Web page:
#!/usr/bin/python
# -*- coding: utf-8 -*-
"""Generate CSV file of Briggsian logarithms to import into Anki.
The idea is to come up with a minimal set of logarithms to memorize in
order to be able to calculate a product to within a given precision;
10% worst-case precision spaces the mantissas about 10% apart, and
that gives you only about 30 logarithms to memorize. And if you
memorize them to three places, you should be able to linearly
interpolate to get better than 1% precision.
This is turning out to be a harder problem than I had expected,
because I discovered a hidden requirement in my subconscious that the
numbers not skip over round numbers. So, for example, increasing by
10% from 1.0, we get to 1.1, 1.2, 1.3, 1.4, 1.5, 1.7, 1.9, and then
2.1, skipping over 2! (Also note that 1.7 is more than 10% high from
1.5.)
So my strategy is to recursively subdivide the interval at a given
precision. First subdivide the interval from 1 to 10 into 1, 2, 3,
etc., which differ by more than 10%; then divide the interval from 1
to 2 as evenly as possible into 1, 1.1, 1.2, 1.3, 1.4, 1.5, 1.7, and
1.8; and then if we’re doing more digits of precision, subdivide each
of those intervals to hit our desired precision. So for example in
between 1.5 and 1.7 we would get 1.6, really 1.59687 or so.
This is probably the best way to rule a slide rule as well.
But this code doesn’t work yet; I need to rethink it.
"""
import csv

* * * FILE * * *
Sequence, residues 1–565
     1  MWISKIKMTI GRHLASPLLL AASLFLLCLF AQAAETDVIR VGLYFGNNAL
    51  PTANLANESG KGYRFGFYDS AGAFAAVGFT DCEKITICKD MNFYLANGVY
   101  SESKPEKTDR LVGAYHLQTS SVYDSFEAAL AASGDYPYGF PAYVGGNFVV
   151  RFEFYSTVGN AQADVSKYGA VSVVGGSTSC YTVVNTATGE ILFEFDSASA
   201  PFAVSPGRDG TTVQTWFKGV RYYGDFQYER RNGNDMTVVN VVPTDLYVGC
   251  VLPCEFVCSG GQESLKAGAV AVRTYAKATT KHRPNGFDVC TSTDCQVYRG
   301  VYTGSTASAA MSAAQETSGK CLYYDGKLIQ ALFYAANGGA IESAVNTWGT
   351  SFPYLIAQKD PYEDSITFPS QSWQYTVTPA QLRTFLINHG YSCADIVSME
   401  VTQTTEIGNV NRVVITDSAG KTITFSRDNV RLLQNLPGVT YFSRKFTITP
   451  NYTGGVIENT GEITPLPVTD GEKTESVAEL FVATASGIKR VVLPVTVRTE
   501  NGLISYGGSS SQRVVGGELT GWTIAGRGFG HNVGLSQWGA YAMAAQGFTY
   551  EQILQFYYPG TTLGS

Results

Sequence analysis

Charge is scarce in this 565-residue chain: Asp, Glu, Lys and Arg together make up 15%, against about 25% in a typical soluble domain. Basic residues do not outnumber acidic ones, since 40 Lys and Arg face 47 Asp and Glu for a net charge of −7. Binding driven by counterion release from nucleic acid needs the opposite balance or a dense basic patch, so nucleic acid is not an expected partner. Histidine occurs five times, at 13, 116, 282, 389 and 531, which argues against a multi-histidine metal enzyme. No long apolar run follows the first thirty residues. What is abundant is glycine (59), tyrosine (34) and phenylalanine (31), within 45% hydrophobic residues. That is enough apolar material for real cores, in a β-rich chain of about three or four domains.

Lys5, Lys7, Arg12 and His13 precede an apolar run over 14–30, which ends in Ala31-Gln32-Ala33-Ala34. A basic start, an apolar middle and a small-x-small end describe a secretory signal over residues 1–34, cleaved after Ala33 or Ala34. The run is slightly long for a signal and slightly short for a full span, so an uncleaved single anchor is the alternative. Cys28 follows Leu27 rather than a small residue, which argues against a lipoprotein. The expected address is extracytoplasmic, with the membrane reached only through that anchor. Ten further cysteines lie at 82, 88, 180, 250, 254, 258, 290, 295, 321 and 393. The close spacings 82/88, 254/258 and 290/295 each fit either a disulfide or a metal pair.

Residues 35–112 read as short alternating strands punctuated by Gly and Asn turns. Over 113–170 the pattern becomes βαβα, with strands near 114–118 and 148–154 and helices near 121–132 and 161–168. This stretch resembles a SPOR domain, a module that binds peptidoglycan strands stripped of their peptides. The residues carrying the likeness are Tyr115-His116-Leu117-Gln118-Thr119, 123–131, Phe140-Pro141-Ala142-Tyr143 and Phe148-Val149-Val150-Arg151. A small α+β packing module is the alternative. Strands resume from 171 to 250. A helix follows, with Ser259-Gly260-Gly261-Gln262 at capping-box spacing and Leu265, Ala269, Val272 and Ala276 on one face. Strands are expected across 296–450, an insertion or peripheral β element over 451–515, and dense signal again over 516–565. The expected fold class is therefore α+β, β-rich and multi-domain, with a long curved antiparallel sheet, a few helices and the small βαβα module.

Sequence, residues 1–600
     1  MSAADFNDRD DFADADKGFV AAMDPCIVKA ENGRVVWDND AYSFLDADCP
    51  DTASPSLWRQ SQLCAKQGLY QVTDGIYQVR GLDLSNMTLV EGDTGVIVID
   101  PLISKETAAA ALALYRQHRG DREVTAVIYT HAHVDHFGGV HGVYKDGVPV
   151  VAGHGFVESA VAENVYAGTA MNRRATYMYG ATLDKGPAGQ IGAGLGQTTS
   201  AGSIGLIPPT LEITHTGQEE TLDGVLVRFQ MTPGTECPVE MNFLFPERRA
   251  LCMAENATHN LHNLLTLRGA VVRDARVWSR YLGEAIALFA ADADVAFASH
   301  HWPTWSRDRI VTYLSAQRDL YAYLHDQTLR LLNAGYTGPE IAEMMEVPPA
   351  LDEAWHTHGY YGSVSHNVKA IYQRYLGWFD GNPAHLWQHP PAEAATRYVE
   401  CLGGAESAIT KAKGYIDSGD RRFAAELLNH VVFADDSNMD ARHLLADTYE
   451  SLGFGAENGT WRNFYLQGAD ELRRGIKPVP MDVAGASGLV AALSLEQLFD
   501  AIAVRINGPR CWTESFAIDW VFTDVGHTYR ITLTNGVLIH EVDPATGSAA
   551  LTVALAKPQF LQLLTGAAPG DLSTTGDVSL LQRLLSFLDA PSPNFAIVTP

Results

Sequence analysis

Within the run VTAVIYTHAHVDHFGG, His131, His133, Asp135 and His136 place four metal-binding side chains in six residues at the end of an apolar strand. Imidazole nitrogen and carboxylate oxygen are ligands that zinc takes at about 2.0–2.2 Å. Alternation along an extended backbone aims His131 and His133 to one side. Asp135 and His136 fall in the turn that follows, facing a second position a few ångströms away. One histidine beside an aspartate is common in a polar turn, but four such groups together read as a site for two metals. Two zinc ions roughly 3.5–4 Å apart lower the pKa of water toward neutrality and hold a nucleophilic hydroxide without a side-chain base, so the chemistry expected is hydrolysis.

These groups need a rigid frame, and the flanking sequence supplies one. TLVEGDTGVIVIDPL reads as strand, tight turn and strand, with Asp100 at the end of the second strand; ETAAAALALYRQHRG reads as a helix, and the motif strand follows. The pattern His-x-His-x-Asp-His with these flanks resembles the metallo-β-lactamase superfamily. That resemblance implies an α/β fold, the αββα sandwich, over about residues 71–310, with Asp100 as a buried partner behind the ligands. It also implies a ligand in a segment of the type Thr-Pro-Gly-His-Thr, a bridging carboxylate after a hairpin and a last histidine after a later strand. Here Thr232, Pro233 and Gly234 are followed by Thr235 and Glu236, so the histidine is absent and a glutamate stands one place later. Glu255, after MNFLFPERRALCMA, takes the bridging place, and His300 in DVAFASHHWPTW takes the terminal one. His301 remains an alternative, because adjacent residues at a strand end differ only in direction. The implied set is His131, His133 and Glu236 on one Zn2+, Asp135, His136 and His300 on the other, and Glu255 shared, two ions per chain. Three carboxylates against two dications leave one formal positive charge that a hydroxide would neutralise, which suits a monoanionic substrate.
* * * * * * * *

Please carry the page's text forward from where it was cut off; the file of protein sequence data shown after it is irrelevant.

import math
import sys
def subdivide(start, stop, spacing):
"""Yield numbers in [start, stop) equally exponentially spaced by spacing.
spacing --- the worst-case relative error, like 0.1 for 10%.
start --- the first number to yield.
stop --- the first number that would follow the returned sequence.
In general the numbers yielded will be spaced somewhat closer than
spacing in order to evenly divide the interval between start and
stop.
"""
interval_size_log = math.log(stop) - math.log(start)
n_divisions = int(math.ceil(interval_size_log / math.log(1 + spacing)))
return ((start * math.exp(i * interval_size_log / n_divisions)
for i in range(n_divisions)))
def recursively_subdivide(start, stop, precision, spacing):
print start, stop, precision, round(start, precision), round(stop, precision)
if round(start, precision) == round(stop, precision):
return subdivide(start, stop, spacing)
rv = []
recursion = recursively_subdivide(start, stop, precision-1, spacing)
for substart, substop in pairs(recursion + [stop]):
rv.extend(recursively_subdivide(substart, substop, precision, spacing))
return rv
def pairs(seq):
seq = iter(seq)
last = seq.next()
for item in seq:
yield last, item
last = item
# This still doesn’t work either. It doesn’t jump far enough.
def iteratively_subdivide(start, stop, precision, spacing):
i = start
while i < stop:
yield i
for size in range(precision+1):
next_i = round(i + 10**-size, size)
if size == precision or next_i <= i * (1 + spacing):
break
i = next_i
def writelogs(output, spacing, mprecision, lprecision):
mantissa = 1.0
while mantissa < 10.0:
output.writerow(('%.*f' % (mprecision, mantissa),
'%0.*f' % (lprecision, math.log10(mantissa))))
new_mantissa = round(max(mantissa * (1 + spacing),
mantissa + 10**-mprecision), mprecision)
# If we’ve jumped past a value that we should include, include it
candidate = round(new_mantissa, mprecision-1)
if mantissa < candidate < new_mantissa:
new_mantissa = candidate
mantissa = new_mantissa
if __name__ == '__main__':
writelogs(csv.writer(sys.stdout), spacing=0.1, mprecision=3, lprecision=3)